On Tuesday 8th March, from 10am – 5pm, visitors will be able to explore one of Dorchester’s most historic buildings for free, as well as be one of the first people to see Shire Hall’s new series.
Raising Voices: Women and the Justice System will focus on the stories of Elizabeth Martha Brown, Charlotte Bryant and Violet Van Der Elst. All three women were involved with trials at Shire Hall when it was the county’s Courthouse.
Elizabeth Martha Brown was the last woman to be publicly executed in Dorset in 1856, Charlotte Bryant was the last woman to be sentenced to death in Dorset in 1936 and Violet Van Der Elst was a social activist and campaigner who fought for the abolition of capital punishment.
New interpretation throughout the Museum will explore women’s experiences and roles within the criminal justice system. Visitors will also have the opportunity to reflect on the factors that influenced what happened to them and if similar influences still exist today.
Abbie King, Director of Shire Hall said: “Everyone at Shire Hall Museum is proud to launch Raising Voices: Women and the Justice System. We believe that everyone’s story has a right to be told and heard, which is why we’ve created this series.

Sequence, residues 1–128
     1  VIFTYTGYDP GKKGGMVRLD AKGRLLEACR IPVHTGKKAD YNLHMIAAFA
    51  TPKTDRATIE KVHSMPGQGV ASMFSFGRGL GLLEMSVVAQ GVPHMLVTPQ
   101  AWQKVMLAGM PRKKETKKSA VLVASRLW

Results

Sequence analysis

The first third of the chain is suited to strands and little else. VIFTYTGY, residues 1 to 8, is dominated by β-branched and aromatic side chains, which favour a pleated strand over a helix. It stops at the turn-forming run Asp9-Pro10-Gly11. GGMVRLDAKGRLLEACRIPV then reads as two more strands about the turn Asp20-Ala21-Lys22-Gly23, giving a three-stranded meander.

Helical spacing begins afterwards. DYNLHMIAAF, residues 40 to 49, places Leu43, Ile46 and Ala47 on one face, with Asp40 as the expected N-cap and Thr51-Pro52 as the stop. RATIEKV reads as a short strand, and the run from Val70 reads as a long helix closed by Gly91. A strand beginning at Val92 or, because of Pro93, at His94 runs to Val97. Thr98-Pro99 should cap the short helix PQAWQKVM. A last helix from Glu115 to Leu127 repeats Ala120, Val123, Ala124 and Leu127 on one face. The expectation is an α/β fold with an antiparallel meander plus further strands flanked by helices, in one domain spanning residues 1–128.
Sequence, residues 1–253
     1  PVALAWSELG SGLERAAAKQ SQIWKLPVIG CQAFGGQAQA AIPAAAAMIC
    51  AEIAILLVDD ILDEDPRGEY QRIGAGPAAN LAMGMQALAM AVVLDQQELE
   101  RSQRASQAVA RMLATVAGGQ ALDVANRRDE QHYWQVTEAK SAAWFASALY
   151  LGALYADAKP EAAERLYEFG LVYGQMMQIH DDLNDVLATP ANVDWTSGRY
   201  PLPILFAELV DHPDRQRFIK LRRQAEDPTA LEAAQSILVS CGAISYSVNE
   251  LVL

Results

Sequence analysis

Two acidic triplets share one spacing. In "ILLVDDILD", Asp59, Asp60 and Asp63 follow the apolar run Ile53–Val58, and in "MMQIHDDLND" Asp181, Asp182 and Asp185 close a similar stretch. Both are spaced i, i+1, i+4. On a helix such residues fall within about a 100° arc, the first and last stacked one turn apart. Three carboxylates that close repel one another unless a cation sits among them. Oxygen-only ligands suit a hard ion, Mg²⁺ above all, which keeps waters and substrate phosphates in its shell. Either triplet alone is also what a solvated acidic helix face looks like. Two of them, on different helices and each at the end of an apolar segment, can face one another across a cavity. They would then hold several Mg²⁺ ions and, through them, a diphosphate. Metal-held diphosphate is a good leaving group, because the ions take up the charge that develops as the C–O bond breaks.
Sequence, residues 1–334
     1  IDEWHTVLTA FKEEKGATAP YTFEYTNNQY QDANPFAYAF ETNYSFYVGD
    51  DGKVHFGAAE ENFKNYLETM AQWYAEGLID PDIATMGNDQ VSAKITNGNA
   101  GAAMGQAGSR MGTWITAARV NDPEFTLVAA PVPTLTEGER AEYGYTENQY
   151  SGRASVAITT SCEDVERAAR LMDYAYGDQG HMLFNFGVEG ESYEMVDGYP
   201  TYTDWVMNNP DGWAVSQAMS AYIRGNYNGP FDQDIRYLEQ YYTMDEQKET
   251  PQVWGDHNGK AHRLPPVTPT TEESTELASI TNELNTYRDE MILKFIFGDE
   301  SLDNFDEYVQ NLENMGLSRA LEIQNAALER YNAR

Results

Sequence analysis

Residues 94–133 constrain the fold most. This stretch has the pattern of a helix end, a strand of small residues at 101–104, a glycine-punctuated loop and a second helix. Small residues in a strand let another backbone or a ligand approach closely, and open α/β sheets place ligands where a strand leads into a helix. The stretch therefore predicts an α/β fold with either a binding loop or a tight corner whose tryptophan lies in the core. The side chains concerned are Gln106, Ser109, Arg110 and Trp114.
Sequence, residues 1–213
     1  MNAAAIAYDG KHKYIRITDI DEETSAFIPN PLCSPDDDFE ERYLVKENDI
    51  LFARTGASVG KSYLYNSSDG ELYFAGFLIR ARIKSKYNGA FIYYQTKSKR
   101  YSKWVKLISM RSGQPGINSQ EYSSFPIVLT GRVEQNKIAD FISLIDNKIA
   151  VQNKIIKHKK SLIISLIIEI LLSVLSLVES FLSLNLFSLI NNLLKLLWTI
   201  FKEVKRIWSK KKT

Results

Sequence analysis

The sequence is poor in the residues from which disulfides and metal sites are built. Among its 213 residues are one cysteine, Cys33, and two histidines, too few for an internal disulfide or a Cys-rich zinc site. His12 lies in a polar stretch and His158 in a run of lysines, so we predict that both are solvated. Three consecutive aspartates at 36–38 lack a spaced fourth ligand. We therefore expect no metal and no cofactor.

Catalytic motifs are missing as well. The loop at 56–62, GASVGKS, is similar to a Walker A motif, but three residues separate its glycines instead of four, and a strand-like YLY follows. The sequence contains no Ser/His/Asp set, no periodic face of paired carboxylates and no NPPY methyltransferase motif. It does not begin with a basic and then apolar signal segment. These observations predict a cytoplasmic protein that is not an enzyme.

“Throughout history, and even still today, the voices and experiences of women are not listened to. When they were alive, the voices of Elizabeth Martha Brown, Charlotte Bryant and Violet Van Der Elst’s were not listened to. Violet as she fought for the rights of others, and Martha and Charlotte as they pleaded for their lives.
“As such, when curating Raising Voices, it was extremely important to us that the voices of these women were used to tell their stories. Extracts from Violet’s book, Charlotte’s letters and Martha’s final confession will feature in the series, alongside modern and contemporary sources.”
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